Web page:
Thursday, August 28, 2014
Inquirer Daily News

Big League Chew

The "Baseball Gods" are conspiring to try to put an end to the use of smokeless tobacco - including chewing tobacco and dip - during Major League games by players and coaches.

Big League Chew

The “Baseball Gods” are conspiring.

No, I'm not talking about the Phillies’ failure to make it beyond the league division series this year. And I’m not referring to the painful (next) season-delaying injury to slugger Ryan Howard.

Instead, I’m talking about the baseball commissioner, several owners, politicians, and public health leaders coming together to try to put an end to the use of smokeless tobacco — including chewing tobacco and dip — during Major League Baseball games by players and coaches. Minor League Baseball banned the practice in 1993. MLB has been slow to follow.

Just last week U.S. Senators Lautenberg of New Jersey, Durbin of Illinois, Blumenthal of Connecticut, and Harkin of Iowa wrote to players’ union head Michael Weiner, explaining why they want smokeless tobacco banned from the sport. “When players use smokeless tobacco, they endanger not only their health, but also the health of millions of children who follow their example.” Given the number of kids tuning in to the Series, the senators wanted to call attention to the consequences of Big League chew. “Unfortunately, as these young fans root for their favorite team and players, they also will watch their on-field heroes use smokeless tobacco products,” the senators wrote.

Commissioner Selig, though late to the game, has echoed these sentiments. He recently announced that during the offseason, MLB will try to add a ban of smokeless tobacco to the next collective bargaining agreement with the Major League Baseball Players Association.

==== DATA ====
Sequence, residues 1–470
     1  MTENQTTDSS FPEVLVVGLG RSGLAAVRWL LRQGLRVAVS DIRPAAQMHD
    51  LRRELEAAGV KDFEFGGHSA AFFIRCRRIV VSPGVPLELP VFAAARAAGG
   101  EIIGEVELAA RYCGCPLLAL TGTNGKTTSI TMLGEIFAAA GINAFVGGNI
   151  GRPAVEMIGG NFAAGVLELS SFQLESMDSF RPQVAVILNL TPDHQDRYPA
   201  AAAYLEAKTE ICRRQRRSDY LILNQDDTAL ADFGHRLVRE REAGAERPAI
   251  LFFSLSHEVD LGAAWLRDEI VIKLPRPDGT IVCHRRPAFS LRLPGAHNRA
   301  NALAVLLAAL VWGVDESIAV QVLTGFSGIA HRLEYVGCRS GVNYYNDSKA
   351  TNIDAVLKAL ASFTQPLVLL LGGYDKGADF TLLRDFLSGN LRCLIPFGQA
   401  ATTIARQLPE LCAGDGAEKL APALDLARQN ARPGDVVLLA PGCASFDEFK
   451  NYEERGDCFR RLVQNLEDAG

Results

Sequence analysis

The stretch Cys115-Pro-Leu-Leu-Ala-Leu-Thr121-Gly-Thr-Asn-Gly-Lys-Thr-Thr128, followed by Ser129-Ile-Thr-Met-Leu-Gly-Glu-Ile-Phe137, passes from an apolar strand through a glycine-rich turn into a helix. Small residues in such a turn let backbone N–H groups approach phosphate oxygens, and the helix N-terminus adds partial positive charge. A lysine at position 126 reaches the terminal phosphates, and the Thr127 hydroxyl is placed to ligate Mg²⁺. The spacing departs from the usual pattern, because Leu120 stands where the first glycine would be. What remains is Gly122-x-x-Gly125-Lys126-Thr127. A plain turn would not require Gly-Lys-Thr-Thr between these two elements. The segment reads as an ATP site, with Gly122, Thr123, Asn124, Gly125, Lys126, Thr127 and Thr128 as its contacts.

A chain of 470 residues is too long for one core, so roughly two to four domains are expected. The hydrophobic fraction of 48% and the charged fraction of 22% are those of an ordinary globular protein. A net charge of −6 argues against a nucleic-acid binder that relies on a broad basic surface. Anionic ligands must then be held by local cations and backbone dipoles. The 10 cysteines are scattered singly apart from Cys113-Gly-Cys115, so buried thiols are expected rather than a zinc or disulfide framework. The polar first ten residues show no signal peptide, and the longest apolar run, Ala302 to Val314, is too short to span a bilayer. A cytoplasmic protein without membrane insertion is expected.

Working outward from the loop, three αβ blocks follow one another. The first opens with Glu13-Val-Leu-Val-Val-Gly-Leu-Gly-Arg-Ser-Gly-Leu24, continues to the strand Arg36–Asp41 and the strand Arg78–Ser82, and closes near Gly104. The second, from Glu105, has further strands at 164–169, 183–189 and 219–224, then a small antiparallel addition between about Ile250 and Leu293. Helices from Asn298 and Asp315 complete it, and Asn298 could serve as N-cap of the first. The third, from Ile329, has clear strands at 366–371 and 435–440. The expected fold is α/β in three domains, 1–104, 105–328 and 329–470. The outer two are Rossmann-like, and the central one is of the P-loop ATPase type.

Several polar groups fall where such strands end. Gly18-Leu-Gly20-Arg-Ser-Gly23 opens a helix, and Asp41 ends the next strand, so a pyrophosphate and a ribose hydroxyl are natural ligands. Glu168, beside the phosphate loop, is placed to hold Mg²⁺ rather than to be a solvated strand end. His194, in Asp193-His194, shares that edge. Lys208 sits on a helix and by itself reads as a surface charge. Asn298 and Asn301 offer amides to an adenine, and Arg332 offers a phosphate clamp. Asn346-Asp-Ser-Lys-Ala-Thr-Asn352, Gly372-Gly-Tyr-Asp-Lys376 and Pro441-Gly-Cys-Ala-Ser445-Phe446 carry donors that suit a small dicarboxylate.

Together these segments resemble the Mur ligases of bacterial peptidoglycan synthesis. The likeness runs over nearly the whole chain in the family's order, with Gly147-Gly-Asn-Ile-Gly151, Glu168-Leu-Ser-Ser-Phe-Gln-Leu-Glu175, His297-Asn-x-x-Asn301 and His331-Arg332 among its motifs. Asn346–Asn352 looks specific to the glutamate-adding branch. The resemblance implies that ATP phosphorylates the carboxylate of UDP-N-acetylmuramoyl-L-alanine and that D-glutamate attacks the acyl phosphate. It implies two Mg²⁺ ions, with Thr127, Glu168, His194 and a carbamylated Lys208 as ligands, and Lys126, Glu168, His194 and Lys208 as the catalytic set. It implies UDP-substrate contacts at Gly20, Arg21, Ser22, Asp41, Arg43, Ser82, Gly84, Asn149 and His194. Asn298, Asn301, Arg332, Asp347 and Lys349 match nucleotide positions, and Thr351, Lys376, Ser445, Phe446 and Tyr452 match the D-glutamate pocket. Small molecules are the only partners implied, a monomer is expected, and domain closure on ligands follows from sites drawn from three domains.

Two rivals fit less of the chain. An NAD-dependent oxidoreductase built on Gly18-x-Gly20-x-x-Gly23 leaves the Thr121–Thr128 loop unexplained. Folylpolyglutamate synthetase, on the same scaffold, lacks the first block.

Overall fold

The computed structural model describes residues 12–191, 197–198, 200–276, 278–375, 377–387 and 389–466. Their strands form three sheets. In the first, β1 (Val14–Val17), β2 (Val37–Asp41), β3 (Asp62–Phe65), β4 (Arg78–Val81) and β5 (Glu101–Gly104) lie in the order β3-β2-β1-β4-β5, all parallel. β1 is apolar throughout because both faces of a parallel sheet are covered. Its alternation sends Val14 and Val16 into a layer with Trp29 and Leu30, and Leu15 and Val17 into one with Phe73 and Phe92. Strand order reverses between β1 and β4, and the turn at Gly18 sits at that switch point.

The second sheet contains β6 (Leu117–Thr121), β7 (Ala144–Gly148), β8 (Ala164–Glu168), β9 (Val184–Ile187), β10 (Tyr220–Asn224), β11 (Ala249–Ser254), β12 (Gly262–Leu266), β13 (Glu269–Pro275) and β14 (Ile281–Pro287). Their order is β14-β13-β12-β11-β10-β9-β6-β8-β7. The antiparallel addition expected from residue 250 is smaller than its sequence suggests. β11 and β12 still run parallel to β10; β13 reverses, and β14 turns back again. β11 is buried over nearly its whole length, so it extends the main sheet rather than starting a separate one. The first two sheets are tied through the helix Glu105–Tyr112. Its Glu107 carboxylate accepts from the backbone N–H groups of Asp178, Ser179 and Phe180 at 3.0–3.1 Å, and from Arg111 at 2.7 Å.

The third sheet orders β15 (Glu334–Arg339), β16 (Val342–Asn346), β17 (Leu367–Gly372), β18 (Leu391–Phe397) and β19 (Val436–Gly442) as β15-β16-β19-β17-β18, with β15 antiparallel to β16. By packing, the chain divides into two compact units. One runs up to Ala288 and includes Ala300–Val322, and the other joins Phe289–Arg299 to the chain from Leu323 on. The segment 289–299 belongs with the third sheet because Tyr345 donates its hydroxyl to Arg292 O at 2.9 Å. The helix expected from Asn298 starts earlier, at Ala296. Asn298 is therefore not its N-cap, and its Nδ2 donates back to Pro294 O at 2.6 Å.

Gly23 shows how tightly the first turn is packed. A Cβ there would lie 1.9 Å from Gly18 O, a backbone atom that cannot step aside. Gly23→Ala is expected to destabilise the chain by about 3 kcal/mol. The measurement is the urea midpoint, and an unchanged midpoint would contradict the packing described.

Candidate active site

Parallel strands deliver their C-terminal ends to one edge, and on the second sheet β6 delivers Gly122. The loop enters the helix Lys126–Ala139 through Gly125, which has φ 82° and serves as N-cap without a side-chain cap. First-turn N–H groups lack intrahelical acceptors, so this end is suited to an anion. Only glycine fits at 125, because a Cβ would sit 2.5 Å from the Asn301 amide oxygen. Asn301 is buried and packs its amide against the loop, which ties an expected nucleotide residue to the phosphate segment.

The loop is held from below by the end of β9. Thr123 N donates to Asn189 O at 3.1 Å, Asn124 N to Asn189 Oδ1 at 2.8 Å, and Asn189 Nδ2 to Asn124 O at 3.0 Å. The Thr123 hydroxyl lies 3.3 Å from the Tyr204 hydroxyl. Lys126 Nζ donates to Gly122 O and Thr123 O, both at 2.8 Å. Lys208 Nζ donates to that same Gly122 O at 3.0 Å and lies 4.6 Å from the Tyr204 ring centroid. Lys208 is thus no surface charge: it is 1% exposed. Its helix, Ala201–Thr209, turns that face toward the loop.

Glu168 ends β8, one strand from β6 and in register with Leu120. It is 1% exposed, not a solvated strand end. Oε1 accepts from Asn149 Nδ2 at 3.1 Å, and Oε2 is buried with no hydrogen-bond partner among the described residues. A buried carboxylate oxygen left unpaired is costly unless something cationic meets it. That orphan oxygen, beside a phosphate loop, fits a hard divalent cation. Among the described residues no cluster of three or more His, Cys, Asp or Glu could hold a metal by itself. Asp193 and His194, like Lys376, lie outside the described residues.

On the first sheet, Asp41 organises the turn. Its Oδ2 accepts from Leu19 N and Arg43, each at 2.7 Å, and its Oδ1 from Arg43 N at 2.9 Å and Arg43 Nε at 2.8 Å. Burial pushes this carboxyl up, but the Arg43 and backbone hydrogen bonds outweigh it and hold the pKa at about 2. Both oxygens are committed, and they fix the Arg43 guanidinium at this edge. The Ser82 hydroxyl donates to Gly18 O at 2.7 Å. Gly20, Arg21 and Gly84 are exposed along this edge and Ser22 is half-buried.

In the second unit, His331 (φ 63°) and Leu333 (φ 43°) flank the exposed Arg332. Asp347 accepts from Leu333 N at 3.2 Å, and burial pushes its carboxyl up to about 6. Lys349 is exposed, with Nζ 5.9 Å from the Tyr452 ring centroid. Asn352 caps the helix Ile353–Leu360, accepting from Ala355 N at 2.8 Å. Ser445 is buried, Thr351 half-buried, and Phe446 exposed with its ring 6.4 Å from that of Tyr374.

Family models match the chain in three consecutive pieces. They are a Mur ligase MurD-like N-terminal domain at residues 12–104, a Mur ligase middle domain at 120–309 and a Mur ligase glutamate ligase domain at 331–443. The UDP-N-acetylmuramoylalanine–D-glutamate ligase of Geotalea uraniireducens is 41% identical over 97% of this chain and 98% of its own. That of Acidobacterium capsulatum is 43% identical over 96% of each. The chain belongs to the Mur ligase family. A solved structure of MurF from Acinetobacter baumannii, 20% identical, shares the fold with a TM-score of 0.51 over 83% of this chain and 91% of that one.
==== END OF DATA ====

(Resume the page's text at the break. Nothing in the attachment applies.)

Chewing tobacco is an old baseball tradition, but supporters of the ban cite recent statistics on smokeless tobacco use among kids to support their position. Public health officials are worried, calling attention to a Centers for Disease Control and Prevention study that found a dramatic increase in smokeless tobacco use between 2003 and 2009 among high school boys, in particular. In some states, including Kentucky, Montana, West Virginia, and Wyoming, almost 25% of high school boys now use the product.

Increased use of smokeless tobacco brings an associated rise in tobacco- related illnesses including oral cancers, gum disease, and leukoplakia (lesions in the mouth that can lead to oral cancer), as well as esophageal, pharynx, larynx, stomach and pancreatic cancers. Smokeless tobacco users have an 80% increased risk of oral cancer, and a 60% increased risk of pancreatic and esophageal cancers. Despite these risks, between 1998 and 2006, the five largest smokeless tobacco companies in the United States have increased their advertising and marketing budgets by more than 140%. The products are also being more aggressively marketed to youth.

From a public health perspective, the proposed ban makes a lot of sense. But this is a tough “ask.” We are not asking the players and coaches to stop chewing and spitting because it is bad for them; the ban doesn’t call for players to stop chewing on their own time. We’re asking because it’s bad for the population that emulates ball players - especially the kids watching at home and in the ballpark.

And this is where public health efforts can be difficult. Supporters of the ban are asking ball players to give something up, to sacrifice a “tradition” of the game for the well-being of their fans. This is certainly less complicated than the steroid scandal, which is not only about player and fan health, but also about the integrity of the game itself.

Yes, players should be allowed to make their own decisions and be treated like adults, as some players have argued. But they must also realize how much they are emulated, and the responsibilities that come with being sports heroes. No one said being a role model was easy. The players’ union should embrace the ban, and start distributing to its members more sunflower seeds and what was my favorite candy as a kid: the chewing gum “Big League Chew.”


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About this blog

What is public health — and why does it matter?

Through prevention, education, and intervention, public health practitioners - epidemiologists, health policy experts, municipal workers, environmental health scientists - work to keep us healthy.

It’s not always easy. Michael Yudell, Jonathan Purtle, and other contributors tell you why.

Michael Yudell, PhD, MPH Associate Professor, Drexel University School of Public Health
Jonathan Purtle, DrPH, MPH Research Director, Drexel Center for Nonviolence and Social Justice
Janet Golden, PhD Professor of history, Rutgers University-Camden
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